Because of the departures from the Textus Receptus found within the 1960 and 1909, there has been a cry for yet more revision. This outcry has seemed to be almost exclusively from fundamentalist American missionaries who stand for the KJV in English and therefore desire to use a Bible in Spanish that is true to the Textus Receptus as is their KJV in English. This has offended many Hispanic Fundamentalist leaders as they see it as an insult for a bunch of Americans to try and correct them and their Bible of their language. To a certain degree I sympathize with them (I myself am hispanic). I believe there has been too many “bulls in a china shop” who have complicated these matters through their unnecessary aggression, misinformation, arrogance, disrespect, and lack of spiritual discernment in knowing how to deal with people of a different language and culture.

On the other hand, not all of the American brethren have behaved this way. But unfortunately, those who have had a sincere and humble attitude concerning these issues have also been undeservedly lumped into the same category as those who have complicated matters.

Some have taken it upon themselves to revise the Reina Valera versions to bring them more in line with the Textus Receptus rather than the Critical Texts. But most have failed. One caucasion American tried to do a totally new translation straight off the King James Bible. But this was immediately rejected by Hispanic brethren for two reasons. They see a new translation as an undermining of what God has already given the Spanish-speaking world in the Reina Valera Bible. I agree with them on this. Why reinvent the wheel? Secondly they rejected it because it had mistranslations of it manifesting the translator’s poor understanding of the Spanish language. For example, he tried translating the word “Holy Ghost”, of which there is no Spanish equivalent for “Ghost” in the sense that Americans use “Ghost” in reference to the Holy Spirit. So he translated it as “Fantasma Santo” which is Spanish for a “Holy Phantom”, of which in the Spanish mind a phantom is never something good and is only a reference to something demonic. Thus they perceived this rendering as blasphemous and utterly rejected this new translation altogether.

Other men have tried restoring the old Enzinas translation of the NT which was also Textus Receptus based. But this work has not enjoyed much acceptance as it again appears to be an undermining of what God has already given the Hispanic people.

One group has restored the 1865 Mora and Pratt revision, of which the revisers actually used the King James Bible as their primary guide to updated the original 1602. This group has enjoyed some acceptance as it is truer to the Textus Receptus than the 1909 and 1960 and thus reads closer to the KJV. However, many Hispanic people don’t care much for this version because of some of it’s outdated usage of words such as “salud” for the word “salvation”, of which the modern usage for the word “salvation” today is “salvacion”. Also it uses “alma” (soul) instead of “vida” (life) in Lev. 17:11 as well as other obselete usages. These are not errors. It’s just a matter of difference in word usages in the original Castilian Spanish and todays more common vernacular. At any rate, most Hispanics, especially in Mexico, have a problem with some of these obselete usages of words and thus prefer a more updated language.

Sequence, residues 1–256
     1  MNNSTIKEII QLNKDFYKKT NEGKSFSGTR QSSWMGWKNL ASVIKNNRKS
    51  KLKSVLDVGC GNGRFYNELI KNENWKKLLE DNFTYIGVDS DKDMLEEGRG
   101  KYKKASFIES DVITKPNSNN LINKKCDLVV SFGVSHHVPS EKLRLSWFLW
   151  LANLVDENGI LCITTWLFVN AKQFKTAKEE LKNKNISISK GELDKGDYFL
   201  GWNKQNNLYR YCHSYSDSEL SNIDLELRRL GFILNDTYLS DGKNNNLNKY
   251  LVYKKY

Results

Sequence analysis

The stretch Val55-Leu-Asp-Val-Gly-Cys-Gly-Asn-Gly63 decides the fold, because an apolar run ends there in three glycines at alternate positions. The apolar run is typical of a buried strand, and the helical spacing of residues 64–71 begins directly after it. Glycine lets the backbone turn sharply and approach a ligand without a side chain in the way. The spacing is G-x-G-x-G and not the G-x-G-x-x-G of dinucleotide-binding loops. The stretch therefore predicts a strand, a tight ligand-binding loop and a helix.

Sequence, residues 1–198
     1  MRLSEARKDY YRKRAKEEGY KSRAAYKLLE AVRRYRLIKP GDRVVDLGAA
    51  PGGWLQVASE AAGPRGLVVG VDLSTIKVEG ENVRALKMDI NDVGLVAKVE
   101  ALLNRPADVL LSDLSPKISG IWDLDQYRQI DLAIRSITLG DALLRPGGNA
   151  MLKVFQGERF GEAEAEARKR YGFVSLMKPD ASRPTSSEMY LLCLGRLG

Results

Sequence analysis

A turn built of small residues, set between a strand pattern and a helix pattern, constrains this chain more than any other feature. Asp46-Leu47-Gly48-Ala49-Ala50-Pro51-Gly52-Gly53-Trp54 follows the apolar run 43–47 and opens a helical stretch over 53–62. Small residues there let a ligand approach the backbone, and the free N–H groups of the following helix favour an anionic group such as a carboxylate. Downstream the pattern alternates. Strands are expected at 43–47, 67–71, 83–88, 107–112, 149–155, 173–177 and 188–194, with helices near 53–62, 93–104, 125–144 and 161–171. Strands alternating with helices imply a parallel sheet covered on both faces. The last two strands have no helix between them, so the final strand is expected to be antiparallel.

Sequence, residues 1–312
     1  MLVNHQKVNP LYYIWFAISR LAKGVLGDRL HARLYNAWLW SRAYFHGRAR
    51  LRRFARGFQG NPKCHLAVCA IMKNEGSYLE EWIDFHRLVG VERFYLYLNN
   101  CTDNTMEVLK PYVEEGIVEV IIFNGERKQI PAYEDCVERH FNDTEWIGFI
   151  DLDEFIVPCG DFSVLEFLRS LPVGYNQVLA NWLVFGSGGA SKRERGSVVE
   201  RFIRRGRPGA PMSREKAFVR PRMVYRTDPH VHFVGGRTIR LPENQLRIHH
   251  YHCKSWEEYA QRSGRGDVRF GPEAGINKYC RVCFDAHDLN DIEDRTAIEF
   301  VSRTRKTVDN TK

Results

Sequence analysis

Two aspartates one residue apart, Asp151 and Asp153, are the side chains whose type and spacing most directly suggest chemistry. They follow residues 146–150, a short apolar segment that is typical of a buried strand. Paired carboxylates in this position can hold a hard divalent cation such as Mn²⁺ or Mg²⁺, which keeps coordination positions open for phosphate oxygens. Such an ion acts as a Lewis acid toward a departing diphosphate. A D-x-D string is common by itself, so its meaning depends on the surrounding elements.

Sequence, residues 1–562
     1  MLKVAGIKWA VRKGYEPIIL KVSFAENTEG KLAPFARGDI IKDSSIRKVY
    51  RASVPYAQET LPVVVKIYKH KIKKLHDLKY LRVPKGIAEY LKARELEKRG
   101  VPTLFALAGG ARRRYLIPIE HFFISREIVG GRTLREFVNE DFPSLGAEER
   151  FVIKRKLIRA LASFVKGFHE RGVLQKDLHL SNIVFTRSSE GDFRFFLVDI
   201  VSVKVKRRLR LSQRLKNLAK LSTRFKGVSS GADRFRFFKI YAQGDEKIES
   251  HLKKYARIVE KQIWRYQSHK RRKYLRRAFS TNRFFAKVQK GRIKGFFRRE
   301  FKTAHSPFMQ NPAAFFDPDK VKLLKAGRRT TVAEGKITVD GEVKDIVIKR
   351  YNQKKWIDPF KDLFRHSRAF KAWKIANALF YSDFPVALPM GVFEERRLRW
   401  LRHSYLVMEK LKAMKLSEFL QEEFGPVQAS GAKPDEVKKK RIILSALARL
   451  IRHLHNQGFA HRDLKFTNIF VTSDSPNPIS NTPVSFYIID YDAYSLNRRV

One church in Monterrey, Mexico has endeavored to restore the original 1602 and update it with the Textus Receptus and King James Bible.  There was for a good while a rallying of American Fundamentalists backing this work. But questionable morality of one of it’s key players, whether true or untrue, and other questionable behavior by this group has caused those who were already critical of any revision of the Reina Valera to have added ammunition against those wanting a new revision more faithful to the Textus Receptus. Thus, the momentum that this work once enjoyed seems to have lost a lot of it’s steam.  But it’s status is still pending.

Finally, I come to the work of a missionary in Mexico named Humberto Gomez Sr. Bro. Gomez has been a missionary in Mexico for over 30 years. Bro. Gomez is a native Mexican with Spanish as his first language. He is a master of his own language and loves his language with a passion like no other. Bro. Gomez also stands fervently for the King James Bible and the Textus Receptus, being a member and key speaker of the Dean Burgon Society headed up by Dr. D. A. Waite, a modern day champion of the Traditional Texts. Bro. Gomez has worked diligently and sacrificially for the past 7 years on revising the 1909 Antigua version of the Reina Valera Bible. He has used the original 1602 and the King James Bible to bring it more in line with the Greek Textus Receptus and the Hebrew Masoretic Text. He has accurately brought every reading from Genesis to Revelation in line with the Textus Receptus. Thus, his revision reads closest to the King James Bible in English, while staying true and faithful to the original 1602 Reina Valera.

Some are calling this revision “the RVG” for Reina-Valera-Gomez.  Many have a problem with Bro. Gomez’s name being attached to it.  I have witnessed Bro. Gomez himself state several times that he does not care for his name to be attached to the title of this work.  This humble man of God has stated over and over again that this work is not about him but about the pure words of God in Spanish.  However, no matter what you call this edition of the Reina Valera Bible, the bottom line is that it has been totally brought in line with the Textus Receptus.